Bill Cadogan, Mahi Networks

"It's important that some of these little companies survive."

October 27, 2004

6 Min Read
Bill Cadogan, Mahi Networks

61803.jpgBig fish or dead fish? That's the big question for Mahi Networks Inc., now that CEO Chris Rust earlier in the week stepped aside to be replaced by industry veteran Bill Cadogan (see Rust Out, Cadogan In at Mahi).

Yes, Mahi is one of those optical networking companies founded during the bubble days. But here's the thing – it's still around, and that's worth points. Maybe hiring Cadogan is one of those coming-of-age things, when a startup recruits the gray-haired CEO to bring in the big business or kick volume manufacturing into gear.

Even if you don't believe that previous CEO Chris Rust is leaving to "spend more time with the family," Cadogan's hiring makes sense. By most reports, Mahi is on the cusp of landing some sizeable deals, including one with MCI Inc. (Nasdaq: MCIP) and possibly even one with SBC Communications Inc. (NYSE: SBC), even though the company has yet to announce anything (see SBC: ROADM Search Ain't Over).

Cadogan, if anything, gets points for persistence. When most VCs were shutting down their optical networking operations, Cadogan, at St. Paul Venture Capital (now Vesbridge Partners LLC), doubled down on Mahi, and even guided them toward the purchase of Photuris Networks, a manufacturer of reconfigurable optical add/drop multiplexer (ROADM) technology (see Mahi Nabs $70M, Photuris Assets). These days, large carriers are showing a renewed interest in optical transport technologies, particularly the ROADM (see Who Makes What: ROADMs). Startups such as Mahi – and competitors Movaz Networks Inc. and Tropic Networks Inc. – need to collect some of those major wins if they're going to stick around.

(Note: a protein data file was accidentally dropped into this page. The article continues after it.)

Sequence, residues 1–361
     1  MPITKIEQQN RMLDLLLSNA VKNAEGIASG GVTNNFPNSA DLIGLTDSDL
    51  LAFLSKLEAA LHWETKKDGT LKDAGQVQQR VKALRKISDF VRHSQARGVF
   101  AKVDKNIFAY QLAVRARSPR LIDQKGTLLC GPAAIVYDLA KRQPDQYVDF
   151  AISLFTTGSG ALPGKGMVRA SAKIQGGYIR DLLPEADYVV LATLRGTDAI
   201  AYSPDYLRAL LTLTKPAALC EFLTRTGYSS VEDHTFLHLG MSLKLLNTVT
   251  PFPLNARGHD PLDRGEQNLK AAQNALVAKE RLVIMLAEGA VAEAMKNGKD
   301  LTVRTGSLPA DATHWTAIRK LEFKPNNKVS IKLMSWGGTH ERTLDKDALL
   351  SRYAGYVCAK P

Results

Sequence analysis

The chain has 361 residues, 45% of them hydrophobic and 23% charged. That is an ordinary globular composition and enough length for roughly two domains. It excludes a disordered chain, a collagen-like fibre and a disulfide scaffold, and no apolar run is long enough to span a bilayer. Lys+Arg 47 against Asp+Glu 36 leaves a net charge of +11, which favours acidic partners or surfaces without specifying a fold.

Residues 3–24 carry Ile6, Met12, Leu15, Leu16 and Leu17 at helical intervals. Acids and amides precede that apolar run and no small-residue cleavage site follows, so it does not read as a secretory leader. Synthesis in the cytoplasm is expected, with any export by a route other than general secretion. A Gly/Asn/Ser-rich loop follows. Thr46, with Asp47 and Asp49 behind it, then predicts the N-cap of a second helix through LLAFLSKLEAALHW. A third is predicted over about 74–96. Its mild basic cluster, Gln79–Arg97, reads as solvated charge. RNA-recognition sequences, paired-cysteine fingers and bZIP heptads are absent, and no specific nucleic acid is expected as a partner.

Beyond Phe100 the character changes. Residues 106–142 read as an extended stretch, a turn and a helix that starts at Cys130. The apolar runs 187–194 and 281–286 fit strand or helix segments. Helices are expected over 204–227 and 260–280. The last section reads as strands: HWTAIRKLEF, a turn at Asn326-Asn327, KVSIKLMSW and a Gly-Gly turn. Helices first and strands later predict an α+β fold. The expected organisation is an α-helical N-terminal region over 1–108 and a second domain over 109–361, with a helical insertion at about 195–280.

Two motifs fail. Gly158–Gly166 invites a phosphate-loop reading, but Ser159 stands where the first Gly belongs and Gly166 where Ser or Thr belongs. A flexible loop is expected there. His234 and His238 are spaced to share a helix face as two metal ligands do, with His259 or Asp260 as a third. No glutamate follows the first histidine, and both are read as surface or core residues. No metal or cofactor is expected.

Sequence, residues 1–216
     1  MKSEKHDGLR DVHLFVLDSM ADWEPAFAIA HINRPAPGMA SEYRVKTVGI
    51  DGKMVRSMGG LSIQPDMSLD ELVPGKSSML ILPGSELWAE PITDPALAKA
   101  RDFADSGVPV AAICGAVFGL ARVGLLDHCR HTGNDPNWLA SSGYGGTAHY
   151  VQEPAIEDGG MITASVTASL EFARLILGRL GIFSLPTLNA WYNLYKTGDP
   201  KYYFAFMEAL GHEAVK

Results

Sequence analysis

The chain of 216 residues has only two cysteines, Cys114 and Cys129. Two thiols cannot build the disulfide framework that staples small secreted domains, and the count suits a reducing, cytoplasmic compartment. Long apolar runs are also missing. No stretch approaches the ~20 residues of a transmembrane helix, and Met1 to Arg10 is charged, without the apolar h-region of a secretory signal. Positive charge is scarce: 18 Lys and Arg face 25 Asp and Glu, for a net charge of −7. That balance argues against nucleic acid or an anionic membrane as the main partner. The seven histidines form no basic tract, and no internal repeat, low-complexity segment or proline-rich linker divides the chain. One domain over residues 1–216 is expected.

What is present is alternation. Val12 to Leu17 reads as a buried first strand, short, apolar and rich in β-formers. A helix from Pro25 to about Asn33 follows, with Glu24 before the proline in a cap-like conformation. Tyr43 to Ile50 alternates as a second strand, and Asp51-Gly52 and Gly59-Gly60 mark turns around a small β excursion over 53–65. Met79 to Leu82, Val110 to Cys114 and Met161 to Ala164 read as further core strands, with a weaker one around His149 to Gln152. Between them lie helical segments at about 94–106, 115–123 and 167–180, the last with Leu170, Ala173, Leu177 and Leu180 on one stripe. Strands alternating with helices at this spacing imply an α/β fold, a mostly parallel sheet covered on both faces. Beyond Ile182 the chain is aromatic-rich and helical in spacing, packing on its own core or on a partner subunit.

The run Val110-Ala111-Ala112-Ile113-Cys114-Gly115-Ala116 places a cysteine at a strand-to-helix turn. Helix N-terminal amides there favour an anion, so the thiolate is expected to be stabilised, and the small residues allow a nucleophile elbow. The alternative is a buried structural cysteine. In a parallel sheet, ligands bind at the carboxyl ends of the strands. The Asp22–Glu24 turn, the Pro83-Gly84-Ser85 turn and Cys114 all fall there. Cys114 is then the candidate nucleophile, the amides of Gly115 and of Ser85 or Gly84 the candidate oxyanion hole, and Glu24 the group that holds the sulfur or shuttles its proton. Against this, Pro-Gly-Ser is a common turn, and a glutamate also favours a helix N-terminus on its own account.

In the ROADM market, Movaz and Tropic have lined up big-name partners – Lucent Technologies Inc. (NYSE: LU) and Alcatel SA (NYSE: ALA; Paris: CGEP:PA), respectively – to help their chances (see Lucent & Movaz Seal Deal and Alcatel Shows Off Tropic Tech). So the fight is on, and Mahi may have to find a deep-pocketed partner to join the hunt.

Cadogan joined ADC Telecommunications Inc. (Nasdaq: ADCT) in 1987 and left in 2001 to become a venture capitalist with St. Paul. That means he bailed from ADC just in time to avoid the downturn, although he says that's just coincidence and not prescience – too bad, because we were hoping to scam some football picks from him.

So turn the page, as Light Reading catches up with Cadogan on his latest project.

— Craig Matsumoto, Senior Editor, Light Reading

Light Reading: So, why the change in CEOs?

Bill Cadogan: We do believe the company is at a critical juncture with regards to customer acquisition. There are some just coming online, and some that we're in negotiations with.

Light Reading: Couldn't Chris Rust have done that?

Bill Cadogan: Chris wanted a change. He's been commuting a fair bit up to Petaluma, and for him that's more than a one-hour commute. His new job with U.S. Venture Partners is a lot closer to home.

Light Reading: Ah – so he already has a job lined up.

Bill Cadogan: This is something that's been brewing for four to six months.

Light Reading: You're calling from Boston. Is that where you're based now?